In summary, an analysis of archived lagoon nutrient data collected for the swine industry permitting process indicated a significant reduction in the industry’s NH3 emissions’ footprint, as well as other nutrients, since initiation of lagoon sampling began in 2001. These data confirm that industry management and production improvements have been effective in reducing elemental excretion. Analysis of NADP data also indicated that an increase in rural and urban NH4+ deposition over the last 40 years, which has been attributed to increasing swine population and other agricultural production, is neither accurate nor complete and that human population and its associated NH3 emissions must be investigated as a significant factor.

Contact Information:
L.A. Harper, Harper Consulting, P.O. Box 772, Watkinsville, GA 30677; 706-769-9770; lowry.harper.pe@gmail.com. (Agricultural physics/engineering)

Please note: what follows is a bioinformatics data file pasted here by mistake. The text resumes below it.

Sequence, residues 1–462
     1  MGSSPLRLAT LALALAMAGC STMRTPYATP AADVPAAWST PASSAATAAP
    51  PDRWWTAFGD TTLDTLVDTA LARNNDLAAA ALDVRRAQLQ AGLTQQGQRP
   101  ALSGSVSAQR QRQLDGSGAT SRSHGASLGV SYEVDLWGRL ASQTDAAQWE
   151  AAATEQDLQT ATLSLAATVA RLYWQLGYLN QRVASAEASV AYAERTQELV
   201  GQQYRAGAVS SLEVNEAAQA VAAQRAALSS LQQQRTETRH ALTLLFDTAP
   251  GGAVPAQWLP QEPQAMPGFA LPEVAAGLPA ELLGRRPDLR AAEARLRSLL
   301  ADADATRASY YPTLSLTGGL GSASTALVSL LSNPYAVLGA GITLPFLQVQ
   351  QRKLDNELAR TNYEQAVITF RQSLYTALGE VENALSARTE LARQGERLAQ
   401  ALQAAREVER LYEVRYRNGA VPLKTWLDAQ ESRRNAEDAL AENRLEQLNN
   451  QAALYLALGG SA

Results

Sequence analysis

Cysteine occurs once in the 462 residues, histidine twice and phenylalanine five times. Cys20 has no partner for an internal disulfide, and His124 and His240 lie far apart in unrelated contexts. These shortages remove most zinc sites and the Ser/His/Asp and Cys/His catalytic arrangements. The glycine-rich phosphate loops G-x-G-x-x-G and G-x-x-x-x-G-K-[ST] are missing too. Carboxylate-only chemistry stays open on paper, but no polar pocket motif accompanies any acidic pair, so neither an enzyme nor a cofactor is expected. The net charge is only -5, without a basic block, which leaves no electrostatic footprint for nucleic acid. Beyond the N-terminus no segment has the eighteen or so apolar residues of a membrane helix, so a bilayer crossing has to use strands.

K.H. Weaver, Southern Utah University, 315 W. Center St., SC 309, Cedar City, UT 84720;
435-865-8047; weaver@suu.edu. (Analytical/physical chemistry)
S.M. Duffin, Southern Utah University, 325 W. Univ. Blvd., Cedar City, UT 84720; 435-865-8173; duffin@suu.edu. (Mathematics/statistics)
M.T. Coffey, Smithfield Hog Production Division, P.O. Box 759, Rose Hill, NC 28458; tcoffey@smithfield.com. (Animal nutrition)
T.K. Flesch, University of Alberta, CCIS 270, Edmonton, AL T6G 2E3; 780-492-5406; tk.flesch@gmail.com. (Microclimatology)